Revolting Developments

The Reign in Spain Falls Mainly on the Pain—of Terror and a Cover-Up

WASHINGTON, D.C.—Decorously referred to in the U.S. press as an "upset," Sunday's national election victory by the Socialists in Spain had more the feel of a popular uprising, or as the Catalan paper El Periódico put it, "democratic rebellion." Only this time the wrath of the people was aimed at José María Aznar, the country's lame-duck right-wing prime minister, Bush's ally in Iraq, and the man he cheerily calls "Ansar." In Spain, this is being likened to the days in 1975 when Franco died and the country underwent a tumultuous but peaceful transition from fascist state to democracy.

Sunday's vote took place against a background in which the right-wing government knowingly lied to the voters, claiming the perpetrators of the bombings were Basque separatists, when they knew that in all probability the catastrophe was the work of Islamic terrorists. All so Aznar's handpicked successor, Mariano Rajoy, could continue the Popular Party's stay in power.

With a comfortable lead in the polls, the Popular Party mainly had to avoid any suggestion that the attacks were the work of Islamic terrorists, lest they be perceived as retribution for the country's siding with Bush and sending troops, even though a token number, to Iraq, when millions of Spaniards had already demonstrated in the streets against involvement. To that end, the government deliberately hid evidence of a connection to Muslim terrorists and focused on ETA, the Basque separatist movement that the Spanish public is weary of and which has a lengthy history of killings and bombings—although nothing on a scale of what happened in Madrid. The cover-up went like this:

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    Soon after the bombings Thursday morning, Spain pressured the U.N. to make a statement specifically blaming ETA for the train bombings. Some delegations—Russia was one—balked, but because the delegation insisted the government knew it was ETA, the U.N. went along in the end.

    At around 10:30 a.m. Thursday, investigators discovered a van with detonators and a tape near the station where the terrorists got on the trains to leave the bombs. The detonators were of the same type as used in the bombing, and the tape contained passages from the Koran.

    Later that same day, around 5 p.m., the Department of the Presidency (Spain's version of the White House) phoned foreign reporters working in Spain to "inform" them that the government was sure that ETA was responsible for the attacks. The government was certain. There was no doubt.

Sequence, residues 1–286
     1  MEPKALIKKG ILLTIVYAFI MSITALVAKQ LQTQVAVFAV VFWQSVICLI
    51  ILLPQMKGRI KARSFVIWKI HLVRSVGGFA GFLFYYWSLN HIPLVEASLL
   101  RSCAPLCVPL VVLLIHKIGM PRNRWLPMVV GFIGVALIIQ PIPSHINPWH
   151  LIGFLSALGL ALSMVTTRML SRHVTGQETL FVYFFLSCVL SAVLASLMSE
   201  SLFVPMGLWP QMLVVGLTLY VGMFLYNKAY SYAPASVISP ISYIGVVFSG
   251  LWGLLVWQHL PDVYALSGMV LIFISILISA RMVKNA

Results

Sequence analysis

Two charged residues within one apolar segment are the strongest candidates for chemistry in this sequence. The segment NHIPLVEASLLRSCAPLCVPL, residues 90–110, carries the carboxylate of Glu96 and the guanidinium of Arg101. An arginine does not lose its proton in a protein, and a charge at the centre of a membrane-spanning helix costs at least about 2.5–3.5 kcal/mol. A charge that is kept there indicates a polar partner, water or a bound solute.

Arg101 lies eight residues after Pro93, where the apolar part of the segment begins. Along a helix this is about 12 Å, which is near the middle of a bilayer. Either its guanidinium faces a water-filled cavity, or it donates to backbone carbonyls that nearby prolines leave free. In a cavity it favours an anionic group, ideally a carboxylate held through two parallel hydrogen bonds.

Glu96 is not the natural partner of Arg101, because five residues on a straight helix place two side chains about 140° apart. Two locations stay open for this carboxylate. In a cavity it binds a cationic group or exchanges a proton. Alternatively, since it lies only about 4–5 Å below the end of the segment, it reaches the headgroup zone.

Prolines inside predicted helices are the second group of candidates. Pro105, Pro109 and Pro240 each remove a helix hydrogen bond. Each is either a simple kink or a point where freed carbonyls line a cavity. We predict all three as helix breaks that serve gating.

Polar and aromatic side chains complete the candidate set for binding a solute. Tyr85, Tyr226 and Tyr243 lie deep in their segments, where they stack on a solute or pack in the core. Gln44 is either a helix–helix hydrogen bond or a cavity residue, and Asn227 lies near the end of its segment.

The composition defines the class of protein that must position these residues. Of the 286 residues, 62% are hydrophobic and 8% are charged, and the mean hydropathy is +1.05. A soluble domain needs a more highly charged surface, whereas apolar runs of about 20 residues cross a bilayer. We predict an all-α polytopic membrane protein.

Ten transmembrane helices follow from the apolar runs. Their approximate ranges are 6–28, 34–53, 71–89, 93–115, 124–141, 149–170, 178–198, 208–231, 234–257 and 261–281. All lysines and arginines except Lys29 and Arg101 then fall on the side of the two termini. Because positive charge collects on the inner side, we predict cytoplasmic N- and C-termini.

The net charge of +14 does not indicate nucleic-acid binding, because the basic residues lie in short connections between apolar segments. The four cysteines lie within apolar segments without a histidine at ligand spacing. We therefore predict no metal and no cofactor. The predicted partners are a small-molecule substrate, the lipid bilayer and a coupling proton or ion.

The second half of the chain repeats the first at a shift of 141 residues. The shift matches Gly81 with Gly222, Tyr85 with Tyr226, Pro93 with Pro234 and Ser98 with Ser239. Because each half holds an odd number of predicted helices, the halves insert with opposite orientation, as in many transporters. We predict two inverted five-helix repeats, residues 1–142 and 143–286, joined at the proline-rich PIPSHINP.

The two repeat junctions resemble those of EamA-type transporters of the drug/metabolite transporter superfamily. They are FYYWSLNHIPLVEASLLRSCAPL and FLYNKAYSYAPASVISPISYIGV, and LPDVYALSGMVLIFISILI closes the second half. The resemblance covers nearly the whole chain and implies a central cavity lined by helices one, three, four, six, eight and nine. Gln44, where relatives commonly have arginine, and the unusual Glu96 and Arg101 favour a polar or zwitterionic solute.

A few minutes later, around 5:30, Ana Palacio, the foreign affairs minister, sent an "urgent" telegram to all the country's ambassadors around the world, urging them all "to confirm" that ETA had carried out the attacks, thereby "helping to dispel any kind of doubt that some interested parties might want to create." She went on to contend that the explosives and "modus operandi" were the usual ones for ETA and then vaguely referred to other data, to be released later, that would confirm these conclusions. And she urged ambassadors to go to the local press and present this version of the facts.

    By the time these actions were taken, the Spanish government had known for several hours of the connection between the van with the Islamic writings and detonators and the bombings.

    At around 3 a.m. Friday, investigators discovered amid the debris on the train tracks a backpack with an unexploded bomb and a cell phone inside. That bomb had the same type of detonators as those in the van. Neither the detonators nor the explosives bore resemblance to those used by ETA. By this time, investigators had the number of the cell phone and were tracing it.

    Even though it was by now pretty clear that some Islamic group had carried out the attack, the government continued to blame the Basque separatists. On Saturday morning The New York Times was quoting a Spanish government official claiming that opposition parties were using the bombing to advance their own purposes. But by Sunday morning, the polls were showing the Socialists gaining, cutting Rajoy's comfortable lead of 8 percentage points to 4.5, and turning the election into a dead heat. "Certain opposition parties are trying to use Al Qaeda because of the Iraq war simply to win an election," Gustavo de Aristegui, himself a well-versed diplomat with experience in the Arab world and the Popular Party's foreign affairs spokesman, told a Times reporter. "I think it's repulsive." He went on to speculate that the van and tape were the work of the opposition. "I cannot picture a radical Islamist with a beginner's tape," he said. "Normally it would be someone with more sophisticated material. Anybody could have planted a tape there."

    Finally, on Saturday morning, Cadena SER, a leftish network that had been broadcasting info that undercut the government's story, got a leak from the National Intelligence Center (the equivalent of our CIA and FBI) that the agency was 99 percent certain that Islamic terrorists were responsible.

    By Saturday night, people in Barcelona, Madrid, and other Spanish cities had taken to their balconies, some setting up a din, banging pots and pans. Cars in the streets were honking, and at the central HQ of the Popular Party in Madrid, thousands of people had gathered to scream, "Murderers!" Other Popular Party offices were mobbed with agitated voters. Rajoy criticized the demonstrators as "illegal" and "anti-democratic" and designed to coerce people when the polls opened the next day.


    Additional reporting: Meritxell Mir in Barcelona, Alicia Ng, and Ashley Glacel

     
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